It's nice to know you're not alone. Quite a few readers have e-mailed me about last week's column, in which I was berating BAA's management for rolling over to the Ferrovial bid and castigating the authorities for allowing a Spanish-based company to buy into our airports when there is no reciprocal arrangement in place for British firms to buy the profitable chunks of Spain's public transport infrastructure.
I know I'm only a tiny shareholder in the company but, like thousands of others who bought in at privatisation in 1988 and since, I am effectively being forced out of the company I own (well, own a little bit of). The fact that we're all making some sort of profit on the deal doesn't really matter. What is important is that we will be missing out on years of growth in the future. The question is worth restating: if Spanish and Australian managers and investors can make the most of BAA's superb assets, then why can't their British counterparts?
I'm still a bit suspicious about why the BAA management caved in so easily. Was it because Ferrovial was offering them such a good deal personally? Was it because they simply lacked imagination and the will to fight? Or was it just that the pension funds were happy to take the money and run? As the late, great columnist John Junor used to write: I do not know, but I think we should be told.
At least the Ferrovial bid underpinned the BAA share price in these turbulent times. Last Tuesday some £25bn was wiped off the market value of the FTSE 100 Index's constituent companies. The Footsie closed 101 points down, or 1.8 per cent, its lowest since last December.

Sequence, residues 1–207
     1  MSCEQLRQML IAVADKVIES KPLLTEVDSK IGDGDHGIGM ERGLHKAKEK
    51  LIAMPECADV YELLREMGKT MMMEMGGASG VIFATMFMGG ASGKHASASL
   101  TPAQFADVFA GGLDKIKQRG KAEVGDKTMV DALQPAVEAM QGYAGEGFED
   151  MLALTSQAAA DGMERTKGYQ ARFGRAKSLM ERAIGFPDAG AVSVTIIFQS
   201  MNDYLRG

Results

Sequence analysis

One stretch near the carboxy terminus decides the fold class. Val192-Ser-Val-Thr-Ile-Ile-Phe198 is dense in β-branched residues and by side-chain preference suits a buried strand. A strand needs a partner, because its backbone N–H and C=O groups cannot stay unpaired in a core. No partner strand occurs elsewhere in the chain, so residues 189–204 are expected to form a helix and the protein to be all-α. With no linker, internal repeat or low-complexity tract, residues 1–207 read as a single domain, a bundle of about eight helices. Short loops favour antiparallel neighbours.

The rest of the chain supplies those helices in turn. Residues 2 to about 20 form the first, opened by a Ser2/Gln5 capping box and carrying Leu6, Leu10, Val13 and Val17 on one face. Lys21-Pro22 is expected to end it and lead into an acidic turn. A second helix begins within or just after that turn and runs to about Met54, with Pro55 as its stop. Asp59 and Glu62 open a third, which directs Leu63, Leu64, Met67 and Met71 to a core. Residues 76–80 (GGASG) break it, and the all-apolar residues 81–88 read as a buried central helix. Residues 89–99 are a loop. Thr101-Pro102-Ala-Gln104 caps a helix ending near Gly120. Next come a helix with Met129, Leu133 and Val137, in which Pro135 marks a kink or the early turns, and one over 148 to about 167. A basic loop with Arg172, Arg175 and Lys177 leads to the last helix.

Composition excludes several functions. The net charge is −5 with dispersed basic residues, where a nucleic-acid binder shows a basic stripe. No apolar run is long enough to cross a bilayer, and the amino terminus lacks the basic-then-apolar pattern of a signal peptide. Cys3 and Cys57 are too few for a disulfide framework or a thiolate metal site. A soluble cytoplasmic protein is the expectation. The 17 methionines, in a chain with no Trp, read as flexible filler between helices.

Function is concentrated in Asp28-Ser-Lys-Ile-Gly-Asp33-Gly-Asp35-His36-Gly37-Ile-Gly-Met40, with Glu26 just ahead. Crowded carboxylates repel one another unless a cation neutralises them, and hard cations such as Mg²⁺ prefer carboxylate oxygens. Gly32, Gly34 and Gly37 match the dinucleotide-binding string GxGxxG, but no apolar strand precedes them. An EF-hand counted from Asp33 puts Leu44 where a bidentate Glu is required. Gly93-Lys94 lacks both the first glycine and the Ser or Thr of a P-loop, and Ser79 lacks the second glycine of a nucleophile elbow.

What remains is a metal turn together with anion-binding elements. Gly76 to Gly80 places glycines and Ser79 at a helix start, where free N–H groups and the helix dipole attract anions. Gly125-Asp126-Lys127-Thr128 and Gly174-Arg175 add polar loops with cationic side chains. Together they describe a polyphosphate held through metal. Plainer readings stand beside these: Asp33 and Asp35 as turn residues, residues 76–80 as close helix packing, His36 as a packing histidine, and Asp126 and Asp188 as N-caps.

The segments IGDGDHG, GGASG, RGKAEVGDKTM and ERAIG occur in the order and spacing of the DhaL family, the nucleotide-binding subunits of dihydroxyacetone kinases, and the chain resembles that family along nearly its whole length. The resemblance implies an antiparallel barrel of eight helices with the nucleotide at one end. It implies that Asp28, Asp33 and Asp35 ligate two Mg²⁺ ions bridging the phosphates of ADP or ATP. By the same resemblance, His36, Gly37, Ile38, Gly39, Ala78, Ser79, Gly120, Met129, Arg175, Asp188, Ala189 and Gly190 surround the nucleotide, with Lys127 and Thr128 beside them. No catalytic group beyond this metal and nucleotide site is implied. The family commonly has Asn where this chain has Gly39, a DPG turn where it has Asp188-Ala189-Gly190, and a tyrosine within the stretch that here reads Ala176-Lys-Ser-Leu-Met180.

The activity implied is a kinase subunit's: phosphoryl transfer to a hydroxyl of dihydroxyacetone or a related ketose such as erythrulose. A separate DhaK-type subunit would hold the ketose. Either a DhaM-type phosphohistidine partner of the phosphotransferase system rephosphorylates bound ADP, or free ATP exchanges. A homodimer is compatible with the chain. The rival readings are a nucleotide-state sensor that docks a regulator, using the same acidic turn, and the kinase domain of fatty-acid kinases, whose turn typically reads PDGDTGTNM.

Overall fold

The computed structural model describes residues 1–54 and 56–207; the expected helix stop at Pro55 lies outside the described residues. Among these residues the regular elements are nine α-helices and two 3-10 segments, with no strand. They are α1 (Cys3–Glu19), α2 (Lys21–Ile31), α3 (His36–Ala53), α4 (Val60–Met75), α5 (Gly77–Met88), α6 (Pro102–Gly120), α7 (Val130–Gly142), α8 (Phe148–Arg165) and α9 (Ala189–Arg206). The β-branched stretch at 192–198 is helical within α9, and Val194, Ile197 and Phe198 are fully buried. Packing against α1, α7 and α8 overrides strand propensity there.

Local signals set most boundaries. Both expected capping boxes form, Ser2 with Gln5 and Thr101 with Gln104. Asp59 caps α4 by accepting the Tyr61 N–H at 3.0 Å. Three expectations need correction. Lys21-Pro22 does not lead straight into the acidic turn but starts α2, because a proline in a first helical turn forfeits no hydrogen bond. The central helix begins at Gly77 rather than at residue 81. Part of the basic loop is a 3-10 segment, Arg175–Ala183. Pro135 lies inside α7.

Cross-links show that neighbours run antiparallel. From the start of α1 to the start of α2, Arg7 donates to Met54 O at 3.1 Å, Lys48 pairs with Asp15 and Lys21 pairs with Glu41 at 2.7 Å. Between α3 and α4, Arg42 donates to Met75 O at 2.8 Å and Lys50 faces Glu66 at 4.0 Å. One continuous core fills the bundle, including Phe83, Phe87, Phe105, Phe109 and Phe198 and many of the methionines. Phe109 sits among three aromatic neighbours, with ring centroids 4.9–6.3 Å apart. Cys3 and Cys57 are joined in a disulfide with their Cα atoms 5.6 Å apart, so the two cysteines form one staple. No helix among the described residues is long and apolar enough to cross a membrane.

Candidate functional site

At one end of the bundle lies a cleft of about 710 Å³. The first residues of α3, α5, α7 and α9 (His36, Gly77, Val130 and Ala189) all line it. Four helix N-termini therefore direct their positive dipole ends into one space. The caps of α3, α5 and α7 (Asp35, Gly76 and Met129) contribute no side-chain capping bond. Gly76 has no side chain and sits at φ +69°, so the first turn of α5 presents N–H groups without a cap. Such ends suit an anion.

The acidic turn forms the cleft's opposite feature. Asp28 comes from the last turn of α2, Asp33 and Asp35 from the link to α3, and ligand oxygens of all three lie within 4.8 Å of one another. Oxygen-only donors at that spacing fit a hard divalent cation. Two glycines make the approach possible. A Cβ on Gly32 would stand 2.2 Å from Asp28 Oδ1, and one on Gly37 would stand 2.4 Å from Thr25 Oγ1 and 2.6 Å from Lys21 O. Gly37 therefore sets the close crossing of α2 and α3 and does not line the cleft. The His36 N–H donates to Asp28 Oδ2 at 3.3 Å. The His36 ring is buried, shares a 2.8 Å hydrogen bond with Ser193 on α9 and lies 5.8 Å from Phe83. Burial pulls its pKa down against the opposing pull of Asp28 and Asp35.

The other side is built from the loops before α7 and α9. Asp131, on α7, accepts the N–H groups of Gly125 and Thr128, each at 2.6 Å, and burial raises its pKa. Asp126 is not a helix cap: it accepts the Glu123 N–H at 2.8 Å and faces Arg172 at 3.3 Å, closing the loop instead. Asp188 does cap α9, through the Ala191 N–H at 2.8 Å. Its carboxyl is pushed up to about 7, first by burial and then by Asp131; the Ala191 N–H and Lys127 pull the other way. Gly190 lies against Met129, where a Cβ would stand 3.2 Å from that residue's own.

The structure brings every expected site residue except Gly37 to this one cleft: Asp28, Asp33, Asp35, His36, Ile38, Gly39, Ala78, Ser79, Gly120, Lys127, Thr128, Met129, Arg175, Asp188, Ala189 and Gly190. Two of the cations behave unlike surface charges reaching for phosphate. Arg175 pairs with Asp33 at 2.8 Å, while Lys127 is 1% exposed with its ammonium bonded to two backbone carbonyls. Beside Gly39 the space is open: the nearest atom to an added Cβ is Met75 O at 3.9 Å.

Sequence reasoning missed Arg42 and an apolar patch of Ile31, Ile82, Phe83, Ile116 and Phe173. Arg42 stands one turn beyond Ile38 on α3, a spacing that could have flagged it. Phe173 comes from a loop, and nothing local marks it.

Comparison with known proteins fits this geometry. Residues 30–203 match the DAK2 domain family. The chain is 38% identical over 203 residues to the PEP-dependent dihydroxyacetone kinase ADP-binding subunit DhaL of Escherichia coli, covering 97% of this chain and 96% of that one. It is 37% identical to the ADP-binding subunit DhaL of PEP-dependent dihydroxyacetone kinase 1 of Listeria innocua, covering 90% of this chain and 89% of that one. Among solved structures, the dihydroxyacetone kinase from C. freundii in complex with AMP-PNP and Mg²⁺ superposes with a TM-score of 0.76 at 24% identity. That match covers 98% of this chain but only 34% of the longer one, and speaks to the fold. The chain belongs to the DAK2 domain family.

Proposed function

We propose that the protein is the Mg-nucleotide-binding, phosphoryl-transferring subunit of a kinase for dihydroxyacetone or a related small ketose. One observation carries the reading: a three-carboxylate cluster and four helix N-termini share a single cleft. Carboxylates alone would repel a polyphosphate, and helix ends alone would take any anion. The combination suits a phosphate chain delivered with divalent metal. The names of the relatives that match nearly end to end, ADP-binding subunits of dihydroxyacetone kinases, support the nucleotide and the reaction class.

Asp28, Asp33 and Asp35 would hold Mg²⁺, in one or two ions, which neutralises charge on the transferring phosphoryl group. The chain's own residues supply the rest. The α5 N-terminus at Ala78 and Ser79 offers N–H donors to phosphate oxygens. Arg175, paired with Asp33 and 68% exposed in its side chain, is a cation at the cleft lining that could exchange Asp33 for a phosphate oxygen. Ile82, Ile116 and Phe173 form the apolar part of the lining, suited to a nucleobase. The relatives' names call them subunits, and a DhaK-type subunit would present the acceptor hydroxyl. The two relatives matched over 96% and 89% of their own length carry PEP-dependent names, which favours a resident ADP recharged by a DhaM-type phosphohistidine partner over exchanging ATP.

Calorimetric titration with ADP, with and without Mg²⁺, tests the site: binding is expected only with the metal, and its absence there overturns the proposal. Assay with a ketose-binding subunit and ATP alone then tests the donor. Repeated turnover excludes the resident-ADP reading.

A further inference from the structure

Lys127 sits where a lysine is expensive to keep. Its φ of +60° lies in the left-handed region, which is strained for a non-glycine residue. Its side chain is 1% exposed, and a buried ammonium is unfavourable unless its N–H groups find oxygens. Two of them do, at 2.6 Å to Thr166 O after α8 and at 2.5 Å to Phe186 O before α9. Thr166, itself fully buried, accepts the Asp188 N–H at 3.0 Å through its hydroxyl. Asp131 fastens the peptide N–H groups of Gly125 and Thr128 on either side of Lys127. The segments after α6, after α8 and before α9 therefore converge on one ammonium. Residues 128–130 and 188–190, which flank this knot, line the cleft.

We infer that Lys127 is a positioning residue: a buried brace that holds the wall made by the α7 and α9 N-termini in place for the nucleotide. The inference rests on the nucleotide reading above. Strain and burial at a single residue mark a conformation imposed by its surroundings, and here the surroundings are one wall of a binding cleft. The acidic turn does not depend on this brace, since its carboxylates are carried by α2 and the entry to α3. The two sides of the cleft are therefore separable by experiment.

I can't reveal how much was wiped off my own portfolio, but it was less than £25bn. So now all the e (paper) gains I've been sitting on this year have dissipated. The few stocks that have held up in my portfolio - BAA and Savills, the estate agents' - have been more than offset by the funds and shares that have done disproportionately badly. It's a long list but I have been especially disappointed to see my money in the JPMF Indian Investment Trust drop by a quarter and my other Pacific and emerging markets-based trusts, such as Witan, collapse by similar amounts.
Well, I'm not fazed. These zones can be notoriously volatile. In retrospect, I might have taken a few profits in the Indian trust because it has gone up by such phenomenal amounts - about sixfold since I started putting in a few pounds a month in 1998. However, as I always say, I don't trust myself to get market movements right and I hold fast to the old idea of investing modest amounts regularly and not being distracted by the ups and downs of the markets.
Nonetheless the recent falls open up the opportunity of a little bargain hunting. Trouble is, most of the mining and oil stocks still look fairly expensive, and I doubt they'll go back to sane levels until the Chinese economy stumbles, as sooner or later it must.
A happier hunting-ground is those stocks that have excellent long-term prospects but which are temporarily regarded as "high risk". One in particular has caught my eye, and that's ARM, which I bought into during the last downturn in tech stocks.
It did well until quite recently, peaking at 141p. Now it's down to 105p. The problem, apparently, is the dollar, and its recent weakness. Arm's revenues are 95 per cent dollar-denominated, reflecting the industry standard, but 55 per cent of its cost-base is in sterling - leaving it highly exposed to the dollar/sterling rate fluctuations.
On the other hand, its chief executive Warren East and chief financial officer Tim Score have been picking up stock and I'm inclined to follow suit. Currency fluctuations usually wash out over the long term and that's what I'm looking to, so I've followed the directors and bought more shares. Needs a steady nerve, though.Reuse content